It has taken three trading days for the Bombay Stock Exchange Sensex to zoom from 18,000 to 19,000. Even the most fervent bulls have been taken by surprise, not to mention sceptics like us.
The benchmark index is now 48% above its level a year ago. Given the rise of the rupee over the past year, foreign investors have earned an extra 10% from currency gains.
The flood of foreign money that has come into India ever since the US Federal Reserve cut interest rates on 18 September has lifted equity prices. As of now, there is no sign of this flood abating. It is only a matter of time before the great Indian middle class, that has more or less missed the five-year bull market, starts withdrawing money from its banks and provident funds, and dives into the foaming waters as well.
Finance minister P. Chidambaram has already said last week that the steep rise in equity prices both surprises and worries him. That was a timely warning. But moral suasion of this sort is unlikely to work when your neighbour at home or office announces that he has doubled his money in three months. Asian markets have been soaring because of the belief that the world economy has changed. That’s true—at least partly. The US is no longer the largest contributor to global growth. Its place has been taken by China. India, too, has emerged as a major contributor to global growth. So, Asia could be less affected by a US slowdown or recession than before.
There is speculation that the economies of Asia and America are “decoupling”—or going their own separate ways in the months ahead. That is a leap of faith. While there is little doubt that China, India and Asia play a far bigger role in the world economy today, most of the trade between them is still in intermediate goods. Final demand for cars, computers and other goodies still comes from the US. There is little evidence as yet that domestic demand in Asia will be strong enough to balance out a slowdown in US demand, as its housing bubble surely and slowly deflates.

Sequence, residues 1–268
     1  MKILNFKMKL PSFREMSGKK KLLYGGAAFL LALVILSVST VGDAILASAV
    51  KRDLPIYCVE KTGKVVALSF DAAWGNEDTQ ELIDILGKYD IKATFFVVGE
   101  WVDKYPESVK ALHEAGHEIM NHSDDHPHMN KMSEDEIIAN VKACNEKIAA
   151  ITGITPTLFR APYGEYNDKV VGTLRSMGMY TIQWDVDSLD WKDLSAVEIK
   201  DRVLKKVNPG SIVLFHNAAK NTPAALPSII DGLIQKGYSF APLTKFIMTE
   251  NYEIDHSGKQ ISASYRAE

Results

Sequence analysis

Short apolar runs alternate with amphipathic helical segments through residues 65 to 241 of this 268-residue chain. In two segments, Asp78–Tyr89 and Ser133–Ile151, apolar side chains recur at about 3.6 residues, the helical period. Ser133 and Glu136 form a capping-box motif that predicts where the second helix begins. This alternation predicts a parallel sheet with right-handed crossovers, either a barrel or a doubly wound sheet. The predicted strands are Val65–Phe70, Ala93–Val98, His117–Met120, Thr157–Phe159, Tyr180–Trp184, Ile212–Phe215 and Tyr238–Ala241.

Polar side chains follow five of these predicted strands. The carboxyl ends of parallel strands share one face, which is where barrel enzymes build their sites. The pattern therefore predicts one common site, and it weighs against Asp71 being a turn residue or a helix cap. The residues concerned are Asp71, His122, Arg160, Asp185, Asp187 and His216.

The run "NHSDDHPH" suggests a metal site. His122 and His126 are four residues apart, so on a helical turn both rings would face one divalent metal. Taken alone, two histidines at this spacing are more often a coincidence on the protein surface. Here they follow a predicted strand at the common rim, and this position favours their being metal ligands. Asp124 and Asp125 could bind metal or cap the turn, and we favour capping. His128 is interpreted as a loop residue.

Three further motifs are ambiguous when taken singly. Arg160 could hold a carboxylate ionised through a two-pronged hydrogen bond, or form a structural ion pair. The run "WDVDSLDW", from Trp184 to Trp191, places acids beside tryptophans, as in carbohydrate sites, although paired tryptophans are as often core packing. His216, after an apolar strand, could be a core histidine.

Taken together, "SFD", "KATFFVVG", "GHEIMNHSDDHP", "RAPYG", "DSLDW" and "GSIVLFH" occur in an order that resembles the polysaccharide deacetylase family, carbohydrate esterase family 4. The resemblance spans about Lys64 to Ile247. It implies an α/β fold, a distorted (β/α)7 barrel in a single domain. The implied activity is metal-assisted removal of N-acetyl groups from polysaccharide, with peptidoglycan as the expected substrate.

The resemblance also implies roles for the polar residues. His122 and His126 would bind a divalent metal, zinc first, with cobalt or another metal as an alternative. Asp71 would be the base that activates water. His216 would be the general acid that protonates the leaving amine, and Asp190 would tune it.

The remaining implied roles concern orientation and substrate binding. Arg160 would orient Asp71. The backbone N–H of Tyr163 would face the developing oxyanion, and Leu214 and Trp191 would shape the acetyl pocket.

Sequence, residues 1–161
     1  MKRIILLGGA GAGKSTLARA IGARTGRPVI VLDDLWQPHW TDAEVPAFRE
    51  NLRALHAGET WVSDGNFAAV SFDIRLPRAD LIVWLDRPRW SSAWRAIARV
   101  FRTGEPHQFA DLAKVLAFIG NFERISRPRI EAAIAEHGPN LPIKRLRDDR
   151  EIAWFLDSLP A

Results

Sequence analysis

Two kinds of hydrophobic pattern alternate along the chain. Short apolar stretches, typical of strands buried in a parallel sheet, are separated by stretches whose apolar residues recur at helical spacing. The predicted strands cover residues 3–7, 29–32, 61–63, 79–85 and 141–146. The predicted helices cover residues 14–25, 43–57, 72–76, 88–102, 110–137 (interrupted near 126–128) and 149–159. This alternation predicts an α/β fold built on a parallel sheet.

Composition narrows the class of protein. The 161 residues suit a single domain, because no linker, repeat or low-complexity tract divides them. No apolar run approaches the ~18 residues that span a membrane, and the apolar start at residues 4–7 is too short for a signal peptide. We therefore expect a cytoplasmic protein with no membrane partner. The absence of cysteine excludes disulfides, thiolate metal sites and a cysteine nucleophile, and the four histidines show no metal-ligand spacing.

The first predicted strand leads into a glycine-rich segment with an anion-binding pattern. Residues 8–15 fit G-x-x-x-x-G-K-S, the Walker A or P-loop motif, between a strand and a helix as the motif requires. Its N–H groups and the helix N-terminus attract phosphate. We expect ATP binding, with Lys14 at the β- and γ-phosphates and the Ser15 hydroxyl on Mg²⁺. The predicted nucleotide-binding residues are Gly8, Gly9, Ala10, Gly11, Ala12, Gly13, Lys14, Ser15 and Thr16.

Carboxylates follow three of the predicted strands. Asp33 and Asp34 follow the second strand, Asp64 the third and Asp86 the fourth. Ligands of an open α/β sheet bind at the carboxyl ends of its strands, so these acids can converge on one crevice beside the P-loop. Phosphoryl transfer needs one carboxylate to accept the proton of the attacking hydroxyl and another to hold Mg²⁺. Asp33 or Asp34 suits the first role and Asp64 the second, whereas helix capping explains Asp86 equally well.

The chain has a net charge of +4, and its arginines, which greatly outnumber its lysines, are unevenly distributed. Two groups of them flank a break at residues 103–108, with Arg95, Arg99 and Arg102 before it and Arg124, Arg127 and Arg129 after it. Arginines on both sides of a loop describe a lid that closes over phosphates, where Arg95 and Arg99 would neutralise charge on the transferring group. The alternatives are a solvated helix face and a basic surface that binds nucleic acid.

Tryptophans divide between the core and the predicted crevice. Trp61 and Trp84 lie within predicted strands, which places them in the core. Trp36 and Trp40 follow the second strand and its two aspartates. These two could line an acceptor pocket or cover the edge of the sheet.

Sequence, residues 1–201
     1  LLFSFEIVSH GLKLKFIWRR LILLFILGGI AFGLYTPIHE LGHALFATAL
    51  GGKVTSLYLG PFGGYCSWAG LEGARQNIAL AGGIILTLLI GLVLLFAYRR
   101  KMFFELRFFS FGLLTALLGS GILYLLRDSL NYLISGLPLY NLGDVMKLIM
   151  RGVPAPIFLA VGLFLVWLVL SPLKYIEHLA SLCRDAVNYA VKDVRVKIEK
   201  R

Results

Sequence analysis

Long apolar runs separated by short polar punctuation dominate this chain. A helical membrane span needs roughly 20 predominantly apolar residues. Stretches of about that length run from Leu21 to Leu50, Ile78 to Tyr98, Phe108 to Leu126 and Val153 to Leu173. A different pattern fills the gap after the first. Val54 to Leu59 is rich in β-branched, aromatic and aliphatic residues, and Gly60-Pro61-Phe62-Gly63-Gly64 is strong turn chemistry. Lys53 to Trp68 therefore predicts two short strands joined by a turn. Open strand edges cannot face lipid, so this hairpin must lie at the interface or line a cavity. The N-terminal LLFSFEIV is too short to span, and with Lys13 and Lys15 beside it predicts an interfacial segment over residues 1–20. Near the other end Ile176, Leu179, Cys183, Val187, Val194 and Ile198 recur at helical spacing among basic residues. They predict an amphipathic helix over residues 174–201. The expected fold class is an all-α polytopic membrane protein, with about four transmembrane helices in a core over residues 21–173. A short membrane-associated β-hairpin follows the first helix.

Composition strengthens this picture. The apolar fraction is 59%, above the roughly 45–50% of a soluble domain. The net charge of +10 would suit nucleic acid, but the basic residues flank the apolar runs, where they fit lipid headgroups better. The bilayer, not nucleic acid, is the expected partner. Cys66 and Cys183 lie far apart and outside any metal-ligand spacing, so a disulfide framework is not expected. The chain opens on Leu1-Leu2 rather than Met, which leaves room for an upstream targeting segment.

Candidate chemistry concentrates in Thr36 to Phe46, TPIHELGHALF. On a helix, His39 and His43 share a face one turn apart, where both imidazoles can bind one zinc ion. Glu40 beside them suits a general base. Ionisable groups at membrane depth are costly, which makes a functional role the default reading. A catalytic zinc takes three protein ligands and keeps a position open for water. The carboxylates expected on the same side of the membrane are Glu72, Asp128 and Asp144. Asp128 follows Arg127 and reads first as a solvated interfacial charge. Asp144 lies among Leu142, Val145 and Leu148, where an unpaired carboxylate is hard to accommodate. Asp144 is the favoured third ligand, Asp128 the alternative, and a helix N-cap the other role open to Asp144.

Current valuations, too, appear stretched. The market is trading at more than 25 times historical earnings; the unwritten assumption here is that investors expect corporate profits to grow at this rate at least for the next three to five years.
It’s a tall order. Many brokerages are predicting a modest slowdown in corporate earnings in the July-September quarter. Profit growth could be well under 20%, against an average of 25% over the past nine quarters. Meanwhile, there are also some early signs of balance-sheet strains. Credit rating agency Crisil said last week that downgrades have exceeded upgrades for the first time in five years.
We have little doubt that the Indian economy is in the early phases of a long boom that could last a couple of decades. We are perhaps at the same point that Hong Kong and South Korea were at the end of the 1960s or Thailand a decade later. So it is natural to expect share prices to follow the economy in its upward journey. But there will be times when the market steps ahead of the economy in a fit of enthusiasm. This could be one of those times.
The Indian economy grew at an average rate of 6% a year for the first decade after the economic reforms of 1991. Yet, the Sensex kept going up and down in a tight range. This may not necessarily be how it will happen in the future. But investors must remember that there is a possibility of stagnant markets coexisting with booming economies for long periods of time.
The momentum of the past few weeks could push share prices to even higher levels in the months ahead. But all this looks too frothy to us. We can only repeat what legendary value investor Warren Buffett famously said: “You only find who is swimming naked when the tide goes out.”
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